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Blood Clot

A Blood Clot is a gel-like clump of blood. It can be beneficial if they form in response to a cut or an injury, plugging the injured blood vessel that stops the bleeding. 

Several blood clots form inside your veins without a good reason and don’t dissolve as expected. These may need medical attention, especially if they are in your legs or are in more dangerous locations, such as your brain or lungs.  

 

What Causes Blood Clot? 

Blood clots form when certain parts of your blood thicken that form a semisolid mass. This may be caused by an injury or at times it occurs inside blood vessels that don’t have an obvious injury. 

When these clots are formed, it travels to other parts of your body which may cause harm. Conditions and factors that can cause harmful blood clots and serious disorders that are related to blood clots include:  

  • Deep vein thrombosis (DVT) 
  • Surgery 
  • Heart attack 
  • COVID-19 
  • Peripheral artery disease (PAD) 
  • Smoking 
  • Certain medications such as oral contraceptives and hormone therapy drugs 
  • Arteriosclerosis or atherosclerosis 
  • Heart failure 
  • Pulmonary embolism (blood clot in an artery in the lung) 
  • Antiphospholipid syndrome 
  • Obesity 
  • Heart arrhythmia (heart rhythm problems) 
  • Stroke 
  • Family history of blood clots 
  • Pregnancy 
  • Factor V Leiden 
  • Prolonged sitting or bed rest 

 

Signs and Symptoms of Blood Clot 

There are various essential signs and symptoms of blood clots. If you can distinguish these signs and symptoms, you can save your life or the life of a family member or a friend.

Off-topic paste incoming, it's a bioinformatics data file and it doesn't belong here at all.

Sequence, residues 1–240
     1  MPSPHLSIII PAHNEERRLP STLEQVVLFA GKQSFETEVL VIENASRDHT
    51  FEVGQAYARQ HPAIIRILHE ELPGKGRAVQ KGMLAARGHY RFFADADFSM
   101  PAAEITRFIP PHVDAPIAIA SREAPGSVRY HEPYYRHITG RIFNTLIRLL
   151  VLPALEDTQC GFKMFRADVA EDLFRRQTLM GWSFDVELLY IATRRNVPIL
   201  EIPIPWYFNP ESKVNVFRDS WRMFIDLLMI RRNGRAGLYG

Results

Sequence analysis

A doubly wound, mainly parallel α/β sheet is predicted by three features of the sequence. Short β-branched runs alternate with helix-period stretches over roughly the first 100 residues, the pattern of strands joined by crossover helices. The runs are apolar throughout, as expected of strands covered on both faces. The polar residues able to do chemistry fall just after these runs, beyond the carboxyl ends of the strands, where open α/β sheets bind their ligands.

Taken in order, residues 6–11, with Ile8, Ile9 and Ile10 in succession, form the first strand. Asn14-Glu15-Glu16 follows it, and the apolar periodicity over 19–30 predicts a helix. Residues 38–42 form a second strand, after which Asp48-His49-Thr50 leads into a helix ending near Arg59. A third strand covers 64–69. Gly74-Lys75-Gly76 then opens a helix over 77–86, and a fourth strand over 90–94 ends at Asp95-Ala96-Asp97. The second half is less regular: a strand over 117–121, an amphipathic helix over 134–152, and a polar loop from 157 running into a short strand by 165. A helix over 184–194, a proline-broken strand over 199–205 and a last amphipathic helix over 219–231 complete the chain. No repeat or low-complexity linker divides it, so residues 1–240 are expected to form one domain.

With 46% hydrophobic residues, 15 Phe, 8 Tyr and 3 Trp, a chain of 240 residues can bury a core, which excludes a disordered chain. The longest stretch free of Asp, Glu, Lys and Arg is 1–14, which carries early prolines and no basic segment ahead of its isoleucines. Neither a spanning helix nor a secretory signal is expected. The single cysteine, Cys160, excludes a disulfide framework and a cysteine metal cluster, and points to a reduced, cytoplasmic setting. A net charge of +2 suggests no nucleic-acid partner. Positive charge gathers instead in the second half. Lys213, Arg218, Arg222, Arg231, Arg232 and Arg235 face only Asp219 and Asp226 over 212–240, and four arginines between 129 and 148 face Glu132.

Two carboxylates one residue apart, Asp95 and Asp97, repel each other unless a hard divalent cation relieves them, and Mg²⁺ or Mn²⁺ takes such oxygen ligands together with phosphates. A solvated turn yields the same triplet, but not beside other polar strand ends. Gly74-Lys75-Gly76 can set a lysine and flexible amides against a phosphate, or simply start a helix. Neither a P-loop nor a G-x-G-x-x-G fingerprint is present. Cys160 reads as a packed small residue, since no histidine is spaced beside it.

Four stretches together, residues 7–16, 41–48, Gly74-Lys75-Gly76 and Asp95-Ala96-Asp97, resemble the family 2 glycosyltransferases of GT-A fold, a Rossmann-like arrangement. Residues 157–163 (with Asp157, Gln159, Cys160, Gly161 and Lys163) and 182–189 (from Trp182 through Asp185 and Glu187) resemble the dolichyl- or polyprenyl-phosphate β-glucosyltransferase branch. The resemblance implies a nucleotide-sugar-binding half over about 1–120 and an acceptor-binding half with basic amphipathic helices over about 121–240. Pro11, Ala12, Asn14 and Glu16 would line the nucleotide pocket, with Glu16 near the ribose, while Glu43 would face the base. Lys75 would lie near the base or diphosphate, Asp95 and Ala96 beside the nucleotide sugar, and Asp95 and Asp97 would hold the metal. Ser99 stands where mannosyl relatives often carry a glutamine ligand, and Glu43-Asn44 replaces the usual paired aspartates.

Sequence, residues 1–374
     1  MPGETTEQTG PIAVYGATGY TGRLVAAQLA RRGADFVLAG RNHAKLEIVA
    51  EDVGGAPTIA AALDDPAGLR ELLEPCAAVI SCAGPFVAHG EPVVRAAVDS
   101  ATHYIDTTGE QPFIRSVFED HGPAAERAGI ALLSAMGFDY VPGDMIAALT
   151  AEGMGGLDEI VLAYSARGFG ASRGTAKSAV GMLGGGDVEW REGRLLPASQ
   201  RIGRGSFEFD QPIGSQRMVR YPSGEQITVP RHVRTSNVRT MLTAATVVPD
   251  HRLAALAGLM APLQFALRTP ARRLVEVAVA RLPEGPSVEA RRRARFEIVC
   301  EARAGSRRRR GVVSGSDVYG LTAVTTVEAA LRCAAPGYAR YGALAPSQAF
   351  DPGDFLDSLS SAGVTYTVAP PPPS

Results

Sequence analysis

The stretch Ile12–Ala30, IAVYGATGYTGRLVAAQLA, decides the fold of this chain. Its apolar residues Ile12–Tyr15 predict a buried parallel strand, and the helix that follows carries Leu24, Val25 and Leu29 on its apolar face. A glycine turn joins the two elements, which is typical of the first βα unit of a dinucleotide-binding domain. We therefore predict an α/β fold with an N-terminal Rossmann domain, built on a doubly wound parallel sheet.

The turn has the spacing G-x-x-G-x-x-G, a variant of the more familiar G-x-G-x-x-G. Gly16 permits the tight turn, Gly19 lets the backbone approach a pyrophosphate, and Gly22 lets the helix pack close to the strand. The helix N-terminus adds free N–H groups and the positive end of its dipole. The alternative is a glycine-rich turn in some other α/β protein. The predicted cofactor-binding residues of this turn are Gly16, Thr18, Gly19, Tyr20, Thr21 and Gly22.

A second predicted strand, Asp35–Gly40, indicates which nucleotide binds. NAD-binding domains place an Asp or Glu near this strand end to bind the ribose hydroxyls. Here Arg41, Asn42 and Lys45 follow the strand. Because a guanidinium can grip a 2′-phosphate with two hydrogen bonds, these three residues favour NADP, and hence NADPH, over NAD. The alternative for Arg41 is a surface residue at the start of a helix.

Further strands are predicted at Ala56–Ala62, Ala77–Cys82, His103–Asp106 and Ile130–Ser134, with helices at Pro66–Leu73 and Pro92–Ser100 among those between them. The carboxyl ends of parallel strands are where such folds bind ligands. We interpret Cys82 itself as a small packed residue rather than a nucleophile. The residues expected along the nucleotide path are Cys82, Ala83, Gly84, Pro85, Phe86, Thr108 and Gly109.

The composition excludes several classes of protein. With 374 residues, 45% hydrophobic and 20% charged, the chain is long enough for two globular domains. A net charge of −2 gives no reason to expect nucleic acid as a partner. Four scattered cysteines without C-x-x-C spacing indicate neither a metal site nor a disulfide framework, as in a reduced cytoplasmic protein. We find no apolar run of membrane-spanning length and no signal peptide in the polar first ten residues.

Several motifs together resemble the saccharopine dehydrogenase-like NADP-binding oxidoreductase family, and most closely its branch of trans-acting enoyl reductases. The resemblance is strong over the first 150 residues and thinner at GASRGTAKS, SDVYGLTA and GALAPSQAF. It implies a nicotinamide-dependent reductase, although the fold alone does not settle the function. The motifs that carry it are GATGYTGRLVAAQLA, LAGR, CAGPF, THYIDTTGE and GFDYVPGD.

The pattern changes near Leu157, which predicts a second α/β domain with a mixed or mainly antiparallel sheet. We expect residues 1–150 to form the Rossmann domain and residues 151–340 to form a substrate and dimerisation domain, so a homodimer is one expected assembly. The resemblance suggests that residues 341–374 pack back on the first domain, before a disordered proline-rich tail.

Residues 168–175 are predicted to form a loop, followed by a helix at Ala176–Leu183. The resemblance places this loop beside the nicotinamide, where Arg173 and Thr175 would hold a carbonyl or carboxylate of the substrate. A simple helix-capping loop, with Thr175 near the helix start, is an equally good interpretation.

• Redness or discoloration of the skin 
  • Swelling 
  • Skin that is warm to the touch 
  • Pain or tenderness not caused by injury 
  • If you know you have or know someone to have these signs or symptoms, contact your doctor as soon as possible.   

 

Risk Factors of Having Blood Clot 

Blood clots are rare in young and healthy people. You’re more likely to get them if you: 

  • Are overweight 
  • Are staying in or recently left hospital especially if you cannot move around much 
  • Have just had a baby or pregnant  
  • Have an inflammatory condition such as Crohn’s disease or rheumatoid arthritis 
  • Have had a blood clot before 
  • Smoke 

 

Safety Precautions  

Blood clots are inevitable and can be safely treated. You can decrease your risk by learning some of the best ways to protect yourself from life-threatening blood clots. 

  • Before any surgery, talk with your doctor about blood clots. 
  • Recognize the signs and symptoms of blood clots. 
  • Know your risk for blood clots. 
  • Tell your doctor if you have risk factors for blood clots. 
  • Maintain a healthy weight. 
  • Don’t smoke or take steps to quit smoking 
  • See your doctor as soon as possible if you do have any symptoms of a blood clot. Blood clots can be safely treated. 
  • Get up and move if you are traveling for a long time by car, plane, or train or sitting for a long period. Stand up, walk around, and stretch your legs every two to three hours. 

 

Treating Blood Clot 

The treatment of this condition primarily involves the use of blood thinners which they are commonly referred to. Blood thinners do not thin the blood but slow down the body’s capability to form new clots. It also keeps the existing clots from getting bigger.  

 

Medications for Blood Clot 

  • Anticoagulants such as Warfarin or Heparin